ObjectivesTo examine associations between shift work characteristics and schedules on burnout in police and whether sleep duration and sleepiness were associated with burnout.
MethodsPolice officers (n=3140) completed the Maslach Burnout Inventory (emotional exhaustion, depersonalisation, personal accomplishment) and self-reported shift schedules (irregular, rotating, fixed), shift characteristics (night, duration, frequency, work hours), sleep duration and sleepiness.
ResultsIrregular schedules, long shifts (?11?hours), mandatory overtime, short sleep and sleepiness were associated with increased risk of overall burnout in police. Police working a greater frequency of long shifts were more likely to have emotional exhaustion (adjusted OR 1.91, 95%?CI 1.35 to 2.72) than those not working long shifts. Night shifts were associated with depersonalisation (1.32, 1.05 to 1.66) compared with not working nights. Police working mandatory overtime had increased risk of emotional exhaustion (1.37, 1.14 to 1.65) than those who did not. Compared with fixed schedules, irregular schedules were associated with emotional exhaustion and depersonalisation (1.91, 1.44 to 2.54 and 1.39, 1.02 to 1.89, respectively). Police sleeping <6?hours were more likely to have emotional exhaustion (1.60, 1.33 to 1.93) than those sleeping longer, and excessive sleepiness was associated with emotional exhaustion (1.81, 1.50 to 2.18).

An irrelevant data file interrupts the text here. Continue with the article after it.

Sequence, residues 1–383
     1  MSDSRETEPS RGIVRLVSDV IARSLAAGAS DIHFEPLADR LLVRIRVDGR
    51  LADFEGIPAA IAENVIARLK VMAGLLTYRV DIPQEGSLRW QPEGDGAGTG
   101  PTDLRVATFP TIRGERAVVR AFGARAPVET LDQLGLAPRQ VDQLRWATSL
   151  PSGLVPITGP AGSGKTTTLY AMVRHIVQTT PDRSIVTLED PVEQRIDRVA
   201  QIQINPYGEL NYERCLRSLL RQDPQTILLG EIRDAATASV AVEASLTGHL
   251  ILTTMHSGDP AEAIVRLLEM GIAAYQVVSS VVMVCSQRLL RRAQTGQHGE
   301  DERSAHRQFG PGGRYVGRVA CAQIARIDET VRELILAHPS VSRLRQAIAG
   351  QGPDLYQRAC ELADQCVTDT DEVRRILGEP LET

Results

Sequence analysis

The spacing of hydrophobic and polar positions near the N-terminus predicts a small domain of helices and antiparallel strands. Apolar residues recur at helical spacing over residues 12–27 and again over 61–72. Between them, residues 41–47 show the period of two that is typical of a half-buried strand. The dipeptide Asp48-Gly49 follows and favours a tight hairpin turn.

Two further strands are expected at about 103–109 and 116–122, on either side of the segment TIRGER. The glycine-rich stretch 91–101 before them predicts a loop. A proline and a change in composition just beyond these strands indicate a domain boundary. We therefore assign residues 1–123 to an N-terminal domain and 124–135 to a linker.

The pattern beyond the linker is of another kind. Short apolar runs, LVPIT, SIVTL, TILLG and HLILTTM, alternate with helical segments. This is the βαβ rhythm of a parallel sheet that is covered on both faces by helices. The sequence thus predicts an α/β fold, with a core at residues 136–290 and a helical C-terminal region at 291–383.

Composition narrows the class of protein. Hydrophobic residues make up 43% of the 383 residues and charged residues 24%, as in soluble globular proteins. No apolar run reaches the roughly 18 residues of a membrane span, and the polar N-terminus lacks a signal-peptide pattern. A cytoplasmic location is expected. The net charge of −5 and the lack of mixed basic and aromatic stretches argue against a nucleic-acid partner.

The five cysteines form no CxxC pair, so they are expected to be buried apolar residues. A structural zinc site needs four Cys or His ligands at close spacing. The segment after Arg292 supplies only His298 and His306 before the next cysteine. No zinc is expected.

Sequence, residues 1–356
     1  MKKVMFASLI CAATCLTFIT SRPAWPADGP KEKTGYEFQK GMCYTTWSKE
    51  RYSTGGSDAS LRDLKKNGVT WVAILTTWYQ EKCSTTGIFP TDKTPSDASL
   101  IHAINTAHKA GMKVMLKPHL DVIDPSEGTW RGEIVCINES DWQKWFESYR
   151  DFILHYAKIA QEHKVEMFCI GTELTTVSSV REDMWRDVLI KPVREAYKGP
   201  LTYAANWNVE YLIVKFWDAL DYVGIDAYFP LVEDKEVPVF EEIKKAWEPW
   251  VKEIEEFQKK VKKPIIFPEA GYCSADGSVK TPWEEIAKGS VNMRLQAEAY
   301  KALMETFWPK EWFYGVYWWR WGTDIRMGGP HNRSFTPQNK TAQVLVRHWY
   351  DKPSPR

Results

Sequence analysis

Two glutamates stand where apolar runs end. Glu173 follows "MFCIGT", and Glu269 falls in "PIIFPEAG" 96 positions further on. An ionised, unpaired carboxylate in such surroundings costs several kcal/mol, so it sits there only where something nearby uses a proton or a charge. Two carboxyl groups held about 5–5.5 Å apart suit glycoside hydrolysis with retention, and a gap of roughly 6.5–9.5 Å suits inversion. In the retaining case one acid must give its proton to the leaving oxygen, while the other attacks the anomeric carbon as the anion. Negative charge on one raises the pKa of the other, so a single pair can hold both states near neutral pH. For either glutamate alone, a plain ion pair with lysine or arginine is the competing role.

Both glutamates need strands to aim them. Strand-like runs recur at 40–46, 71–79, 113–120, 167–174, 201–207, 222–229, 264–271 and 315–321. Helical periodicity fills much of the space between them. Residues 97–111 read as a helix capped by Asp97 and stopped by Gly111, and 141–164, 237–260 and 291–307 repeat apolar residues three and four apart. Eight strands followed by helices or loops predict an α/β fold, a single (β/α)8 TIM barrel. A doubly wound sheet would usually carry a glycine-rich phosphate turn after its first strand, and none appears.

ConclusionsIrregular schedules and increased night shifts, sleep disturbances and work hours were related to higher burnout risk in police. Future research should evaluate work schedules in law enforcement that optimise shift duration and frequency, and increase consistency in scheduling and control over work hours to limit burnout in police.